One of the biggest problems of the COVID-19 pandemic is that there are no reliable numbers of infections. This fact renders many model projections next to useless.
If you want to get to know a simple method how to roughly estimate the real number of infections and expected deaths in the US, read on!
Continue reading “COVID-19 in the US: Back-of-the-Envelope Calculation of Actual Infections and Future Deaths”
Learning Machines proudly presents a guest post by Martijn Weterings from the Food and Natural Products research group of the Institute of Life Technologies at the University of Applied Sciences of Western Switzerland in Sion.
Continue reading “Contagiousness of COVID-19 Part I: Improvements of Mathematical Fitting (Guest Post)”
Correlation and its associated challenges don’t lose their fascination: most people know that correlation doesn’t imply causation, not many people know that the opposite is also true (see: Causation doesn’t imply Correlation either) and some know that correlation can just be random (so-called spurious correlation).
If you want to learn about a paradoxical effect nearly nobody is aware of, where correlation between two uncorrelated random variables is introduced just by sampling, read on!
Continue reading “Collider Bias, or: Are Hot Babes Dim and Eggheads Ugly?”
It is such a beautiful day outside, lot’s of sunshine, spring at last… and we are now basically all grounded and sitting here, waiting to get sick.
So, why not a post from the new epicentre of the global COVID-19 pandemic, Central Europe, more exactly where I live: Germany?! Indeed, if you want to find out what the numbers tell us how things might develop here, read on!
Continue reading “COVID-19: The Case of Germany”
A new invisible enemy, only 30kb in size, has emerged and is on a killing spree around the world: 2019-nCoV, the Novel Coronavirus!
It has already killed more people than the SARS pandemic and its outbreak has been declared a Public Health Emergency of International Concern (PHEIC) by the World Health Organization (WHO).
If you want to learn how epidemiologists estimate how contagious a new virus is and how to do it in R read on!
Continue reading “Epidemiology: How contagious is Novel Coronavirus (2019-nCoV)?”
Learning Machines proudly presents a fascinating guest post by decision and risk analyst Robert D. Brown III with a great application of R in the business and especially startup-arena! I encourage you to visit his blog too: Thales’ Press. Have fun!
Continue reading “Business Case Analysis with R (Guest Post)”
Happy New Year to all of you! 2020 is here and it seems that we are being overwhelmed by more and more irrationality, especially fake news and conspiracy theories.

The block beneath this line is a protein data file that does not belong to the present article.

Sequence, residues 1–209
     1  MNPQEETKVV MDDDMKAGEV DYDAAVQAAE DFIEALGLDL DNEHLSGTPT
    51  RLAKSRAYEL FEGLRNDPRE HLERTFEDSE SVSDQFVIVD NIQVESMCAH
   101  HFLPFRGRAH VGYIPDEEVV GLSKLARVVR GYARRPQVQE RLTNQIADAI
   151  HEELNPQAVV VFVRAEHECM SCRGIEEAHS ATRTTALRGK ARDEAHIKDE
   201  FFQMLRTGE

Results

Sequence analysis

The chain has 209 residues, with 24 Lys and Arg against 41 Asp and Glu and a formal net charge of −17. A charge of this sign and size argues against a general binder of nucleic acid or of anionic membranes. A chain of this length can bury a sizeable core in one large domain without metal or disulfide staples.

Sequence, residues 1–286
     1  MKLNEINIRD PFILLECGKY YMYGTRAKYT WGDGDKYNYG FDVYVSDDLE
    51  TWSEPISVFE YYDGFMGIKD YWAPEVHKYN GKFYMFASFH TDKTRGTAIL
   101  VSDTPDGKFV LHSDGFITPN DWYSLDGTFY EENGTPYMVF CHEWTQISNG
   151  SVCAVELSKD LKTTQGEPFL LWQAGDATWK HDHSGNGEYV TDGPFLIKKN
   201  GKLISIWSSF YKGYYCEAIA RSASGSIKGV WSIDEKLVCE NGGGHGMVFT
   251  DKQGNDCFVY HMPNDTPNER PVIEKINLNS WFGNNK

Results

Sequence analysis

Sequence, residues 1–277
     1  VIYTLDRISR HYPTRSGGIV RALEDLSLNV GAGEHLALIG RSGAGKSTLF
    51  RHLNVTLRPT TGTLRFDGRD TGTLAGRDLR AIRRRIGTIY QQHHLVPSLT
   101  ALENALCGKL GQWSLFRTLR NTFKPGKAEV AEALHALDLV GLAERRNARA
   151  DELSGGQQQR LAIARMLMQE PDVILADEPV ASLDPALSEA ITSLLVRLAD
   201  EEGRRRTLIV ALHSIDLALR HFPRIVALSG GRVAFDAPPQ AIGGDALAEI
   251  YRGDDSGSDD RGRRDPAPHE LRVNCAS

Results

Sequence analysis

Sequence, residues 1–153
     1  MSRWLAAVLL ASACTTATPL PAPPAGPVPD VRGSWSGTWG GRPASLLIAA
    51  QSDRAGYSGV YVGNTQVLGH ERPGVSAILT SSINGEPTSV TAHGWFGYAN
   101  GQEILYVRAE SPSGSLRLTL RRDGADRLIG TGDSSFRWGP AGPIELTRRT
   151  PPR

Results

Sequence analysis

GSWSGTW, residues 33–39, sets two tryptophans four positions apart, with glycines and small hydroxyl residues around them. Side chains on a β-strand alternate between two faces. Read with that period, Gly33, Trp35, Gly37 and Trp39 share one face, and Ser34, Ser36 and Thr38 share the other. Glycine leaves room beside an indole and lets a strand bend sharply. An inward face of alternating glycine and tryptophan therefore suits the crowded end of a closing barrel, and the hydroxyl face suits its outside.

In this post, I will give you some indication that this might actually not be the case (shock horror: good news alert!). We will be using Google Trends for that: If you want to know what Google Trends is, learn how to query it from within R and process the retrieved data, read on!
Continue reading “Psst, don’t tell anybody: The World is getting more rational!”
As we have already seen in former posts simple methods can be surprisingly successful in yielding good results (see e.g Learning Data Science: Predicting Income Brackets or Teach R to read handwritten Digits with just 4 Lines of Code).
If you want to learn how some simple mathematics, known as Naive Bayes, can help you find out the sentiment of texts (in this case movie reviews) read on!
Continue reading “Learning Data Science: Sentiment Analysis with Naive Bayes”
The two most disruptive political events of the last few years are undoubtedly the Brexit referendum to leave the European Union and the election of Donald Trump. Both are commonly associated with the political consulting firm Cambridge Analytica and a technique known as Microtargeting.
If you want to understand the data science behind the Cambridge Analytica/Facebook data scandal and Microtargeting (i.e. LASSO regression) by building a toy example in R read on!
Continue reading “Cambridge Analytica: Microtargeting or How to catch voters with the LASSO”
A few month ago I posted about market basket analysis (see Customers who bought…), in this post we will see another form of it, done with Logistic Regression, so read on…
Continue reading “Learning Data Science: The Supermarket knows you are pregnant before your Dad does”